Austral - wolmerk
Austral is a registered trademark of yarns produced by a French spinning company: “Filatures Pierre Prouvost”, based in Roubaix. This company was founded around 1937 and closed in 1981.
It belonged to the huge spinning group Prouvost, the most important European spinning company with different yarn brands such as Laines du Pingouin, their major brand. Most of the wool (almost three quarters) came from Australia and New-Zealand: the brand name Austral comes from the name Australia, and the company used the Australian map or a little koala hugging a yarn ball as a logo.
Onlangs benaderde mij een mevrouw, genaamd Christine de Savoie uit Frankrijk.
Zij had een foto gezien van het merk Austral op Twitter van mij. Ze was nieuwsgierig naar de pendikte van het katoenen garen.
Ik had het idee dat het uit Australie kwam, maar het komt uit Frankrijk en kent een hele geschiedenis. Om haar de credit te geven, voeg ik haar verhaal onderstaand toe. Ze breid zelf heel veel je kunt haar prachtige werk en ontwerpen vinden op Ravelry.
Christine de Savoie
My group at Ravelry.
I am a French knitter, passionate about knitting, Internet and Ravelry.
And cats of course!
I particularly like color knitting (Fair isle, sl st patterns, mosaic knitting, stripes, short rows etc) and lace, and knitting for children -often for charity.
I translated many patterns from English to French (free patterns and patterns for sale).
As far as I know, there was a great aand famous commercial activity with yarn from Middle-Age in the North of France and in Belgium and perhaps Netherlands too, with spinning and weaving – in the Frandres area probably because of sheep breeding.
In our countries, wool and silk were historically the only fibers used first in weaving (wool), then in knitting (silk and wool) – silk weaving (famous activity in the town of Lyon) appearing later.
Knitting seems to have been invented by the Arabs who brought this technique worldwide thanks to the expansion of Islam: Egypt (around 640), then Maghreb, then Spain (711), then France where they have been stopped (732). The most ancient pieces, found in Egypt, are dated from 12e century and were knit in cotton.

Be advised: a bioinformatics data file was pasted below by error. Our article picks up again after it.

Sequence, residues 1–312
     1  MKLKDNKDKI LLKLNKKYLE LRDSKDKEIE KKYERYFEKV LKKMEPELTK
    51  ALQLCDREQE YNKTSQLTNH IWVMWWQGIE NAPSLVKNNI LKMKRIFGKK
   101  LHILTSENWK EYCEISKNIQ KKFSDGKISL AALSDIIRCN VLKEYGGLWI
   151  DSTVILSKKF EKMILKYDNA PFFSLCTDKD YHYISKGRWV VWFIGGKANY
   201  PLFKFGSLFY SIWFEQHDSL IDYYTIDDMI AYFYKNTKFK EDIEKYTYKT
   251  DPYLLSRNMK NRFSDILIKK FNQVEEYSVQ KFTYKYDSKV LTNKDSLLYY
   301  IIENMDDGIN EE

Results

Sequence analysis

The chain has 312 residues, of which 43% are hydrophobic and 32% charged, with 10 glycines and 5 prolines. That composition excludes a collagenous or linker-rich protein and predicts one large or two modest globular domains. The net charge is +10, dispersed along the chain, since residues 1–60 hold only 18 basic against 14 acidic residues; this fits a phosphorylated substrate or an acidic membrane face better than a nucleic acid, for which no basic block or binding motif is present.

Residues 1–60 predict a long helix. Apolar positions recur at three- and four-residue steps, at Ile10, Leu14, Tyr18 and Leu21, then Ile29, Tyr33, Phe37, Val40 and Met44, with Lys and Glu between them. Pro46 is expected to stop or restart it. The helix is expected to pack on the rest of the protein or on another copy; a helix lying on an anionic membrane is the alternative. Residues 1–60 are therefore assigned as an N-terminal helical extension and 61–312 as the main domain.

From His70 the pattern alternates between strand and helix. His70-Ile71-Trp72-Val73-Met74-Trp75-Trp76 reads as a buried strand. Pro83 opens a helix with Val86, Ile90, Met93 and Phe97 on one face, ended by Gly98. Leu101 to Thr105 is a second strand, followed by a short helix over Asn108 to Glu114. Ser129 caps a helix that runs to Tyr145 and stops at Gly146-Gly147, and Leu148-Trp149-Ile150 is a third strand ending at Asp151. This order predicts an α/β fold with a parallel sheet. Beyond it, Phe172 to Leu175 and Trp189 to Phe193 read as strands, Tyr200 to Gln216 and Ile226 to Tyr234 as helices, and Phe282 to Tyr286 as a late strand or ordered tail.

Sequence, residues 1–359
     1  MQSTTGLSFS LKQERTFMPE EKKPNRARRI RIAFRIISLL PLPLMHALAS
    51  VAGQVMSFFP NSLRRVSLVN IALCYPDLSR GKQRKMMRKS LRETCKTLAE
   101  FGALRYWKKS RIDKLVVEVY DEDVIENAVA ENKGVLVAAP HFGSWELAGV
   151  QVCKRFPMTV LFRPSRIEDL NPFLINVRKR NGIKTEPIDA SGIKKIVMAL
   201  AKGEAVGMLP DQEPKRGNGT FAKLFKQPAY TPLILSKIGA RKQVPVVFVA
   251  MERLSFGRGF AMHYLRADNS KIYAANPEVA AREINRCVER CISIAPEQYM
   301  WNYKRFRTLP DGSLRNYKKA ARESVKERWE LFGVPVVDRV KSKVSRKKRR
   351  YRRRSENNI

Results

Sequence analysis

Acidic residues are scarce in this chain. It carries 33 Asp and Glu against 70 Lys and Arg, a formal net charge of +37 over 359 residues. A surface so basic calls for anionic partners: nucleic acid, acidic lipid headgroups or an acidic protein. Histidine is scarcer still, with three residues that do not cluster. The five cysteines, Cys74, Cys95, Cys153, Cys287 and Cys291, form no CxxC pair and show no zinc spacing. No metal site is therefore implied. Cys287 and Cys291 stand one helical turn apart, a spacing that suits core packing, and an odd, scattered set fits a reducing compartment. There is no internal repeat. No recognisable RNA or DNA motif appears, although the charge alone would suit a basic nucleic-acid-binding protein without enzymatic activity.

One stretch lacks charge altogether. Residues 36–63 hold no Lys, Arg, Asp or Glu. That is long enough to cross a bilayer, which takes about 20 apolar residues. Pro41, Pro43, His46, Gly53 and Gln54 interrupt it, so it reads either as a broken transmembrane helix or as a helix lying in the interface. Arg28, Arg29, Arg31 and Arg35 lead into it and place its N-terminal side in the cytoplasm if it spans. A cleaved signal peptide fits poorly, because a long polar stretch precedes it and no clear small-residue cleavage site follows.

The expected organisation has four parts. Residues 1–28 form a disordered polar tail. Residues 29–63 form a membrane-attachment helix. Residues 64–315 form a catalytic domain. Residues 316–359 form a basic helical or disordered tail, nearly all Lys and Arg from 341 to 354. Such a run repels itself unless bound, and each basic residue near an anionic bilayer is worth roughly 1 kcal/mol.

During Middle-Age, knitting spread throughout Europe thanks to Crusades and business: France, Italy, North of Europe, England, Scotland. Silk (from silk road business) was traditionaly used for rich people of clergy and European royal courts (gloves and all kind of stockings that were worn at this time); the market was dominated by both France and Spain.
The use of wool was for other social people, and became a true commercial activity from 13e century for stockings too and hats; first, hand knitting by poor people (children too), strongly developed in England by Elizabeth the 1st, then machine knitting. The first machine was invented in 1589 and let knit stockings and jackets;
England dominated the market at the beginning of 17th century with hand knitting, but this market was overtaken by France and Flandres area who used machines.
Religious wars that created people outflow (with their techniques) and Napoleonic wars changed this market. The USA learned to knit thanks to European settlers.